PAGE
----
Brilliant win, he's now lived up to his potential. GMac is a world class player when he's on his game and should have won more titles than he has done in his career to date, after being a prolific winner on the US college circuit. When he's hot, he can shoot lower than anyone, and real birdie machine. I look forward to seeing him win regularly on tour from now on.

  • Comment number 5.

    Confidence is not arrogance you know.

    Graeme could do with losing a few pounds off his middle and getting a bit fitter too.

    He appears to have the right type of concentration and relaxed style of play to go further.

    Very uplifting for Ulster golf together with Rory , lets hope both reach the top stay healthy and be happy.

  • Comment number 6.

    Go on GMac! So good to see you come through and against a top quality leaderboard. Your final round showed us all how tough you are and the way you grinded it out reminded me a little of Faldo's first major at Muirfield in '87. I'm sure there are as many out there for you as he had. Congratulations mate.

  • Comment number 7.

    Brilliant stuff, Graeme, well done. Majors for Europeans are rare things these days, and all the sweeter for it when they happen.

    Sports Personality of the Year is in the bag, I reckon, unless the football team or Murray can deliver some glory in the coming fortnight. In other words - start practicing your speech now, Graeme.

  • Comment number 8.

    Good blog Iain, first of all, congrats to Graeme, he thoroughly deserved it.

    He's not the most talented golfer in the world, he's not the best athlete but what McDowell has in abundance is mental strength and composure.

    To have Woods, Mickleson, Els the big hitting Johnson (who had 11 consecutive good rounds at Pebble going into the last round) knocking on your door, took some serious composure not to be intimidated. He believes that he belongs in that company, he believes that if he plays well he can beat anyone. How many of the current Europeans have that belief?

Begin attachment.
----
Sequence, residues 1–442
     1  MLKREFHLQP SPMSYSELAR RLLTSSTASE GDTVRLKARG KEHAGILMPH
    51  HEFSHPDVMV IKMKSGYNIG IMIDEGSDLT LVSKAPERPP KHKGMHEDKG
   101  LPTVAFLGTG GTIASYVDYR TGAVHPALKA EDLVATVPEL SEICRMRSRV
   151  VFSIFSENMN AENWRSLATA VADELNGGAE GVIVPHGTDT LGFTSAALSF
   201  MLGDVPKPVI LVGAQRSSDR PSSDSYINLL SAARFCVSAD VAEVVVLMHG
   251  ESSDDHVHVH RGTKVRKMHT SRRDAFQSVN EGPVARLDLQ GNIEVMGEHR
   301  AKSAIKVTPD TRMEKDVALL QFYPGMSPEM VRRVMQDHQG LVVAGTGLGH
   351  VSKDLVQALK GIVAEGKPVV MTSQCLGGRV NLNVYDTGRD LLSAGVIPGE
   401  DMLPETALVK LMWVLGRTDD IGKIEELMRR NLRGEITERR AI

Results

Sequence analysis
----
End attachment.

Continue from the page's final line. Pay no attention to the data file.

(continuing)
In short, "Don't believe the hype". I agree, this could be the most important win in European golf since Sandy Lyle's Masters in 1988. Let's hope so.

    Tiger is realising how dificult it is to win a major, Phil and Ernie are getting on a bit (not past it by any means, but...)the door is open for the Europeans, thanks to GMAC for opening it.

    Come on lads!! Next stop St. Andrews.

  • Comment number 9.

    Why, Oh Why did this wonderful achievement not make top billing on the sports news. I am so fed up with glum faces (football) and more to come when Murray is knocked out of Wimbledon. We need cheering up. I am pleased to say I have Graeme's autograph and that of McElroy given to me at the National in Augusta. They are both very, very nice people. Next stop for both St. Andrews. Graeme must lift the Sports Personality of the Year award. Crying shame if he doesn't.

    One can't help but wonder however if an Englishman had held the US Open cup high yesterday would it have got top news billing, maybe even pushing the budget into second. We will never know!!

    Allison

  • Comment number 10.

    Ian, nice blog and a fantastic win for McDowell - brilliant to have a Brit winning - but why, oh why, is he being fetted as the first "European" winner for 40+ years and not the first BRITISH winner?!!! It was the same yesterday with Ben Dirs running the live commentary and using the European Union flag instead of the British flag.